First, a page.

Nasya therapy is rooted in the belief that the nasal passages serve as a gateway to the brain and respiratory system, and are crucial pathways for delivering medicinal substances directly to these vital areas. Nasya works by lubricating the nasal passages, clearing congestion and promoting respiratory health. It is recommended for conditions such as chronic sinusitis, allergies, headaches and migraines, facial paralysis, insomnia and sleep disorders.

We provide Nasya therapy at our Ayurveda New Zealand clinic. After a head, neck and face massage, herbal infused steam is applied to the sinus area to prepare the passages for receiving treatment. Afterwards, Anu Taila nasal oil is applied through each nostril and massaged gently to distribute into the deeper parts of the sinuses. Our Sattva Botanicals™ product range includes a certified organic Anu Taila nasal oil available on our website which can be self-administered at home.

One of our clients has written a heartwarming testimonial about her experience with Nasya at our clinic:

"Six months ago, I experienced the onset of facial paralysis because of damage to my facial nerve. It was the second time I'd been struck down with this horrible illness. I'd already exhausted Western treatments, and by chance an Internet search showed that Ayurveda New Zealand could help me. I had nothing to lose and had my first consultation with Sarita. Her knowledge impressed me. But it was her warmth

and genuineness that really struck me. She explained that Ayurvedawasn'tonlygoingtotreatmyface,therestofmealso needed some work. That's what Ayurveda does. It changes and improves you holistically. After three Nasya treatments, I've noticed a lot of improvements on my face. And not only that, Sarita has supported and encouraged me to change my lifestyle. She's genuinely interested in getting me better. I've never felt healthier and my stress and anxiety levels are now better managed with exercise, yoga and meditation.

"My Nasya treatments are with the lovely Natasha. Her care and attention to detail are amazing, and she really does know where my pain points are. My face and body have been yearning for this treatment, and Ayurveda NZ is a Godsend. Thank you, Sarita and Natasha.” S. Gautam, Accountant

If you'd like to book a Nasya treatment or an Ayurvedic consultation to find out more about how to strengthen your immune system for winter, please contact Sarita.


64 PONSONBY NEWS + June 2024 PUBLISHED FIRST FRIDAY EACH MONTH (except January) M: 021 144 5768 E: sarita@ayurvedanz.com www.ayurvedanz.co.nz @ayurvedanz
PN | LIVING, THINKING + BEING AYURVEDA NZ, 386 Richmond Road, M: 021 144 5768, www.ayurvedanz.co.nz


Make an interior style statement with large crystal pieces from ASH&STONE.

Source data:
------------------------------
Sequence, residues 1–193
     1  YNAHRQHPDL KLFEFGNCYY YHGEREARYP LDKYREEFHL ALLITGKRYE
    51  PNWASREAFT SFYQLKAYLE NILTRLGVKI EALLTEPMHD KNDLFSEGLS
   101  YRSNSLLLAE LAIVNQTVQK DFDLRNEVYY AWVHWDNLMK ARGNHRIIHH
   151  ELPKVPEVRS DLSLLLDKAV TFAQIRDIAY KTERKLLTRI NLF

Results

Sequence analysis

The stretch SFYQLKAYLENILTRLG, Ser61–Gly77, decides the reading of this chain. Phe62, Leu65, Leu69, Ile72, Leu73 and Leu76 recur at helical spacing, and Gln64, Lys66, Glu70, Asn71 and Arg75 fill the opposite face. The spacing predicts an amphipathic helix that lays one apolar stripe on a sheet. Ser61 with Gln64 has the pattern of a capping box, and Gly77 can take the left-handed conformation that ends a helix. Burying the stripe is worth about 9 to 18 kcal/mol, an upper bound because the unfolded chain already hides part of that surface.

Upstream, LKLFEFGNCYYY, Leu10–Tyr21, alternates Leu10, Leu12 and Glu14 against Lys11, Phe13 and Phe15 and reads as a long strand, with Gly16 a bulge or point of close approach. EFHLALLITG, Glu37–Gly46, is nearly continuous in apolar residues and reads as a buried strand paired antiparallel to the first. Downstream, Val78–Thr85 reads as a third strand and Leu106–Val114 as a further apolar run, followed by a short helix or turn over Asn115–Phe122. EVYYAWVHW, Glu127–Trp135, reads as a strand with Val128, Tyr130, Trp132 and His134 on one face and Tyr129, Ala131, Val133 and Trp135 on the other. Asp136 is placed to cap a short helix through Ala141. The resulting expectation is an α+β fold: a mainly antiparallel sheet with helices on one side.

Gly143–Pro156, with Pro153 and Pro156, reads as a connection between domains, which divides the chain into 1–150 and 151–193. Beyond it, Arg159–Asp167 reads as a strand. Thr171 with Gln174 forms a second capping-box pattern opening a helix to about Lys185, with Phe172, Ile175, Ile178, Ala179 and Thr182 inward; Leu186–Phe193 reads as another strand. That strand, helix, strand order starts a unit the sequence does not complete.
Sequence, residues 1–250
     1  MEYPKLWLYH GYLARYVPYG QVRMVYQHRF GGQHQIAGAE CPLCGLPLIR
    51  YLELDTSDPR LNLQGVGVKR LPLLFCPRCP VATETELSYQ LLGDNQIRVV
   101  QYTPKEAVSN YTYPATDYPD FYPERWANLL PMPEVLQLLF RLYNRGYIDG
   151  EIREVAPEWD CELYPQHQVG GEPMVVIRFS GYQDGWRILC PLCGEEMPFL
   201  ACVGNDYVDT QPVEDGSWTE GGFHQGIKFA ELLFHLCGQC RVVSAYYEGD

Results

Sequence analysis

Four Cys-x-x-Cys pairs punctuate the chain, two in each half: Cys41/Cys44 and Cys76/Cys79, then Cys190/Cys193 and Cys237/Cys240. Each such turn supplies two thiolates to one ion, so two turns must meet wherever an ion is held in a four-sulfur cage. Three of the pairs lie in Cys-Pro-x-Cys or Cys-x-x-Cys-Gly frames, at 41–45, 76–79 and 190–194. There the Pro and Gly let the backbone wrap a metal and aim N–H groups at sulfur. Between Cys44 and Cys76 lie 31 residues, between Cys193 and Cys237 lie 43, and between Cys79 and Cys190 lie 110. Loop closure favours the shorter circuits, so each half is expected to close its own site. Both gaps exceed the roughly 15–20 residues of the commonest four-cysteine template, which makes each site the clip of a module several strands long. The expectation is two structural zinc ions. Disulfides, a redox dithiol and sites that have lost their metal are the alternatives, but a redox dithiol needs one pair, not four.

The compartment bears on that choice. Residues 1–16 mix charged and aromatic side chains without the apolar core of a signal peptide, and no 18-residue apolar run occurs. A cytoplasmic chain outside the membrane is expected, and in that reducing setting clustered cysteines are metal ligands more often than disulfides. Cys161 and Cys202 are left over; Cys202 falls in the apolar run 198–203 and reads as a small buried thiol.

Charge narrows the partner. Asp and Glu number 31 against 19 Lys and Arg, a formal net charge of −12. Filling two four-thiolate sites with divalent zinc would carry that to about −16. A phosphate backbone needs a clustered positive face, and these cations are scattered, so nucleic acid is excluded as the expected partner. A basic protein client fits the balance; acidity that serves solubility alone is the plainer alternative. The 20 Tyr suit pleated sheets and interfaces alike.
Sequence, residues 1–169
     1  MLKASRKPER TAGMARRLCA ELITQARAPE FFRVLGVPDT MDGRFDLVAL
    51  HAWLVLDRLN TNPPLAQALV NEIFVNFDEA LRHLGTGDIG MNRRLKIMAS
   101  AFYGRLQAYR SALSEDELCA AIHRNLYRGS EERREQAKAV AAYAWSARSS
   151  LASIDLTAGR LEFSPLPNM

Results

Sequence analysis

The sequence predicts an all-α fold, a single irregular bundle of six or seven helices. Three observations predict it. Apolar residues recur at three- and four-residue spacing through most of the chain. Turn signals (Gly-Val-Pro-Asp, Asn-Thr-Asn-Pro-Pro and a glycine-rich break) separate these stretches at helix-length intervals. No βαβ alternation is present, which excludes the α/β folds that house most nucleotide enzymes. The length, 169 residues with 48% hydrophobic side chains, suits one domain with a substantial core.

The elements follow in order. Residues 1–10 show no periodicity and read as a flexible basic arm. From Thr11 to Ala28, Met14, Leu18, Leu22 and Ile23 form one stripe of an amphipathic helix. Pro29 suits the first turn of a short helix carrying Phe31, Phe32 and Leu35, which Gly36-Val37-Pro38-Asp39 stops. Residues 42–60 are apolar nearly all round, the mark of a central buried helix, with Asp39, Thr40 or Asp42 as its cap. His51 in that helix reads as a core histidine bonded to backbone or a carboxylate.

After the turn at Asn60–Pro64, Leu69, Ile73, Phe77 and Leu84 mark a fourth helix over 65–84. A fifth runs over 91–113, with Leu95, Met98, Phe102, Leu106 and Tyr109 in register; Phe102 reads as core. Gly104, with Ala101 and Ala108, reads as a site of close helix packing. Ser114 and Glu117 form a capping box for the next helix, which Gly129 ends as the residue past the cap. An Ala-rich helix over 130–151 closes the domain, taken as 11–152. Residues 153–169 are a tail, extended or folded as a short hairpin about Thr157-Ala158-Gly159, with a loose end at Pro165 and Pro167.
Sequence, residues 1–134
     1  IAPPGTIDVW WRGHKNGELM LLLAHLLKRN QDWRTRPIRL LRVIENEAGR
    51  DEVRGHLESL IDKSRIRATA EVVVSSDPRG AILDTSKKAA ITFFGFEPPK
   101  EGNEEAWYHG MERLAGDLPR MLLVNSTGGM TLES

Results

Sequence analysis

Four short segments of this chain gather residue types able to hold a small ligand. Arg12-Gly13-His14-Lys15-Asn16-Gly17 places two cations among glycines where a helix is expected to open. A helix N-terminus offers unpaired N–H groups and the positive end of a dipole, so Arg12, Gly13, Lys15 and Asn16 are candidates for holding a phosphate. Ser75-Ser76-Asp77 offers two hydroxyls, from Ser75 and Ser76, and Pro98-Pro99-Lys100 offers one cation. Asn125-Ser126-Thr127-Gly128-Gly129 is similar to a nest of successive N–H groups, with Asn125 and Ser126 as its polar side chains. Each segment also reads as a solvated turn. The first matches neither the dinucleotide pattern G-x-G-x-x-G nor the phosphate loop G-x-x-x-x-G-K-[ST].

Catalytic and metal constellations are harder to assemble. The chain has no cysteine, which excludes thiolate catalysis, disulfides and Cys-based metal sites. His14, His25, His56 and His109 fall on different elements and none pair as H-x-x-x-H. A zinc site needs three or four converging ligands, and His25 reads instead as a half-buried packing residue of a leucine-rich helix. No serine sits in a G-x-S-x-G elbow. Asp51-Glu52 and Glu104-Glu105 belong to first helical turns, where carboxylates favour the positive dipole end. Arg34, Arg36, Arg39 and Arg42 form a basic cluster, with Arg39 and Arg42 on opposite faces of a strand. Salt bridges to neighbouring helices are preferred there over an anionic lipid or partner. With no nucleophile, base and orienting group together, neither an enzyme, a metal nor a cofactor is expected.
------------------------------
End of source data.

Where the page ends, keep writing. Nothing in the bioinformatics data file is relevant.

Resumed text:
All ethically sourced, each piece is unique and brings stunning architectural elements into your décor.

New stock in-store includes large polished crystals, clusters, crystal slabs and collectors' items. What are you waiting for?

Drop into ASH&STONE’s shop at 3 Redmond Street, Ponsonby or visit ashandstone.online



As we go into hibernation mode, our winter clothing comes out of hiding. Here are a few tips to help you keep your woollens looking and smelling great.

Wash wool less

Wool is considered to be naturally antibacterial. It’s also breathable and does not harbour odour. What this means for you is less need to wash your beloved woollen garments as regularly. Even if they are a bit whiffy, you can hang them in a warm and breezy spot for an hour or so to freshen them up.

Be careful with temperature

It’s really important to make sure the temperature of your wash (cool) is exactly the same as your rinse temperature. But beware – not all washing machines can be trusted. Best practice is to handwash and rinse your woollens in lukewarm water to avoid shrinkage and protect texture.

Use a wool-friendly detergent

Wool is a delicate fibre that does not do well with harsh chemicals. Choose a gentle detergent like ecostore’s Wool & Delicates Wash. It contains naturally refreshing eucalyptus oil, dissolving and rinsing away in cooler water to leave clothes beautifully fresh and soft. It’s even safe for your baby clothes, like Merino Kids Go-Go sleeping bags, as it’s kind to the most delicate skin too.

Handle with care

Lower each garment into lukewarm water and gently move it around to lift everyday dirt. If there’s an area that needs extra attention, use a gentle detergent (like ecostore’s Wool & Delicates Wash) and massage it gently into the stain before rinsing away. Give your wool a gentle squeeze rather than wringing it, and hold garments in a ball to let some of the water drip away rather than dangling them by the top or bottom.

Dry the right way